There has been a helpful symmetry between Paloma Faith and her music. On her debut album, Do You Want The Truth Or Something Beautiful? she told us that we might think her “crazy, a little bit hazy, but I’m stone cold sober” – it described well a record that reflected her penchant for upbeat, upfront pop and ballads with a quirk, a Paloma style twist.
This twist has seen her garner a reputation for being an eccentric – writing songs about cities stealing her man, performing with giant balloons attached to her limbs, getting stroppy about appearing on primetime TV shows. A pop star yes, but with a personality. The irony of all this is that, on Fall To Grace, aside from a few divergences into hitherto uncharted musical territory (mainly some diva influenced dance) Paloma Faith has produced as straightforward and predictable a record as you could imagine.
So whilst she won’t be breaking musical boundaries, it certainly doesn’t mean Paloma Faith has swapped her quirk for dross. More likely is that, the Paloma formula only has a certain number of combinations and after two albums, we’ve heard them all.
On the evidence here, Paloma clearly still enjoys a well constructed pop song with a belter of a chorus. Beauty Of The End is just that, a subtle acoustic guitar leading into a full throttle vocal whilst Agony, which sounds uncannily like Mr Brightside by The Killers tests her lungs again. Neither track leaves much of an impression – in fact both feel a bit forced, like the shell of the song had some interesting ideas but the final version has been morphed into something entirely different and more commercially accessible and lightweight.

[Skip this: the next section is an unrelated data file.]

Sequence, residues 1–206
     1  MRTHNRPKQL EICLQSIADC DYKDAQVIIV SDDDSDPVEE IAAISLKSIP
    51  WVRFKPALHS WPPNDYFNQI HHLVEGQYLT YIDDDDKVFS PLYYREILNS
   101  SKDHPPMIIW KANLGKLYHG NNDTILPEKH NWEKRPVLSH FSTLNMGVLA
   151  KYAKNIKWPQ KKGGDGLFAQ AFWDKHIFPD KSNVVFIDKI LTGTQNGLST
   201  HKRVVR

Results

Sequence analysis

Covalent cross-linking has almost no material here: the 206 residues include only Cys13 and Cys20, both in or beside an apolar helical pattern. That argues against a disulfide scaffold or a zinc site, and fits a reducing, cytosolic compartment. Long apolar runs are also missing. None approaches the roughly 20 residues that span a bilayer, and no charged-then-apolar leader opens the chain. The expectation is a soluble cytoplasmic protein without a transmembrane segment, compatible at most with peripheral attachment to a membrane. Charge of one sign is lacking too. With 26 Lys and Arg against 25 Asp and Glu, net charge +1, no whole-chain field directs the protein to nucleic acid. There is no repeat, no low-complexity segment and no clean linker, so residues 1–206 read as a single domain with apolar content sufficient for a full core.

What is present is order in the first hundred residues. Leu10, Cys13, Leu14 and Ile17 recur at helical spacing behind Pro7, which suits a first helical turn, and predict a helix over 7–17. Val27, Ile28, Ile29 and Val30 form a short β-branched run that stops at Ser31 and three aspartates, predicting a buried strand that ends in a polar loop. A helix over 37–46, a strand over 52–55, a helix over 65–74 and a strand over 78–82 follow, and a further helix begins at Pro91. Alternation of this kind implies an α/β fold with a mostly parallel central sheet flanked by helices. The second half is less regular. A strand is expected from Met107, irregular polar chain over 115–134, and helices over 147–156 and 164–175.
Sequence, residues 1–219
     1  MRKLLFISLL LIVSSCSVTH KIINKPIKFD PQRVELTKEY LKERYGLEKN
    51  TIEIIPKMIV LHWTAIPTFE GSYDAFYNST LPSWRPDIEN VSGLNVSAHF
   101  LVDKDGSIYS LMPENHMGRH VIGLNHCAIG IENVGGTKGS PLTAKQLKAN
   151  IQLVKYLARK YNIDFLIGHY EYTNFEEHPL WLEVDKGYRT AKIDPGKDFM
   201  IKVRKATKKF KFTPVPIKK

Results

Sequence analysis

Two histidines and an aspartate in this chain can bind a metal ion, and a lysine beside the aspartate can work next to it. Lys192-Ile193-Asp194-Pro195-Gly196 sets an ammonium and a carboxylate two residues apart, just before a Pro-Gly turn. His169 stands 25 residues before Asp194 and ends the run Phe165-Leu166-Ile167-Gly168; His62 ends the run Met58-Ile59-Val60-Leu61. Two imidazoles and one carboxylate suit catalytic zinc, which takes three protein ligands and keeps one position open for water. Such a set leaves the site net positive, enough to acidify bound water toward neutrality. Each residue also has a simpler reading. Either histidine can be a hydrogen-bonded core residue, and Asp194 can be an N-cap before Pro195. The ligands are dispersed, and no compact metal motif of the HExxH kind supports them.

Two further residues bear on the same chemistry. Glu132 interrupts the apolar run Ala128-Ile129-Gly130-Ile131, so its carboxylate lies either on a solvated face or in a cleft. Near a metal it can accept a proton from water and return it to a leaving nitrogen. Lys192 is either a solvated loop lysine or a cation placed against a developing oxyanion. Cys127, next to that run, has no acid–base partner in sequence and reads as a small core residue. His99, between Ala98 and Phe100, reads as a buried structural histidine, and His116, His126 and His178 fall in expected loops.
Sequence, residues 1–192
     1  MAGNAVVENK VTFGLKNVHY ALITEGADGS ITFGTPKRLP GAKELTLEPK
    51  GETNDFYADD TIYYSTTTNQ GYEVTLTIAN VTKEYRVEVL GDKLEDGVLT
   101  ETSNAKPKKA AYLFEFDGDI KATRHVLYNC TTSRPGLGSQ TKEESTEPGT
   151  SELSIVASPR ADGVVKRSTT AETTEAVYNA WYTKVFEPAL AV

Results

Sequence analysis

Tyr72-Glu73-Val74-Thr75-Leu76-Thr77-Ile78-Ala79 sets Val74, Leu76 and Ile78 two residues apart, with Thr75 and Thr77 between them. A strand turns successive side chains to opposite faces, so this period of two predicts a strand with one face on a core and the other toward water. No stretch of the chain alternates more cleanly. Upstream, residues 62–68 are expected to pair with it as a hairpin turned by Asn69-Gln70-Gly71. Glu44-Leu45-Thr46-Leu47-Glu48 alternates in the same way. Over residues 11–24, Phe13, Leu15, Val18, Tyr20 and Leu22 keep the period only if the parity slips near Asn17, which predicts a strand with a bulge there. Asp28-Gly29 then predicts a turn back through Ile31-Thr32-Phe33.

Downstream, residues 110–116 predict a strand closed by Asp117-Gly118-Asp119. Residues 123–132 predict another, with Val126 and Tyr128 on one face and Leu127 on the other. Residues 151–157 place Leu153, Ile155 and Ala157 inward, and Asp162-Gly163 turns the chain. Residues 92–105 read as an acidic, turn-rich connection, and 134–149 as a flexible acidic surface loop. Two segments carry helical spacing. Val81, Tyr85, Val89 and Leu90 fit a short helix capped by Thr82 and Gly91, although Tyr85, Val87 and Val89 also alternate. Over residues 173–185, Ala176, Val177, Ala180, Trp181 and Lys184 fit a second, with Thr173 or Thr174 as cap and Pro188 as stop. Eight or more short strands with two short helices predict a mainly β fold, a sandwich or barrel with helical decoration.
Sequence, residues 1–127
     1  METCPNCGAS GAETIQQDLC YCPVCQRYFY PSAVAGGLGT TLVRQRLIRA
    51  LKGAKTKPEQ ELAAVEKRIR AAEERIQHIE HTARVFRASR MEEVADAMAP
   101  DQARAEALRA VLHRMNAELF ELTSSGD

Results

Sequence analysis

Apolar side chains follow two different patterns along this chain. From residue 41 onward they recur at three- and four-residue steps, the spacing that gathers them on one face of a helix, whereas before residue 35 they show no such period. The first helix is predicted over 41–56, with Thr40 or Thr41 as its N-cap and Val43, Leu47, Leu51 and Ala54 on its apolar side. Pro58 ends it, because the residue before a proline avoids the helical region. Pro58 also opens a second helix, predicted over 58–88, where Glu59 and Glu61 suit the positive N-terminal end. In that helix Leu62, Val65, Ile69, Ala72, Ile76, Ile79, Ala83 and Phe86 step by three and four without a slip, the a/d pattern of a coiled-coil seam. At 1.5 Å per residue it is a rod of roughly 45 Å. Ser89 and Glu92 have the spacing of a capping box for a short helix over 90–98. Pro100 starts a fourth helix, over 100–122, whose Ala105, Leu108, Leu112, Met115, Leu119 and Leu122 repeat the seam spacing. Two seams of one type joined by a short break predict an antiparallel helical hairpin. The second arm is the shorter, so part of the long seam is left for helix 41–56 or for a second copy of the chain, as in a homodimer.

Which may also explain why Paloma has opted to add a few radio friendly, dancier numbers on Fall To Grace. Blood Sweat And Tears has her in full seventies diva mode, synthesisers guiding the way and Freedom, with its nineties piano roll/drum machine backing sounds a bit like M People. It’s an odd song, but not in the kooky way that usually endears Paloma Faith to the listener.
That aside, Paloma’s voice is still something special, full of soul and spirit. Ballad fans will enjoy Just Be – a powerful love song featuring simply her impressive vocals and a piano. It’s a reminder of what a wonderful voice she has as well as her unique take on romance: “Let’s get old together/let’s be unhappy forever.”
Likewise, Black And Blue appears at first to be a roll call of Paloma’s bizarre circle of friends and their various issues but is actually something of cautionary tale about how nobody is happy all the time. Like Everybody Hurts but with case studies. Similarly, Let Me Down Easy is wonderfully soulful, laid back but full of the blues that she must have meant when she talked about this album channelling the spirit of Tom Waits and Rufus Wainwright.
Fall To Grace sounds like a slightly more grown up Paloma Faith. A bit less kooky, a bit more constructed and a bit less interesting than the artist on her debut. Few could deny her vocal talents but you can’t help but feel the character that made her stand out in a crowded pop room has been diluted somewhere along the line.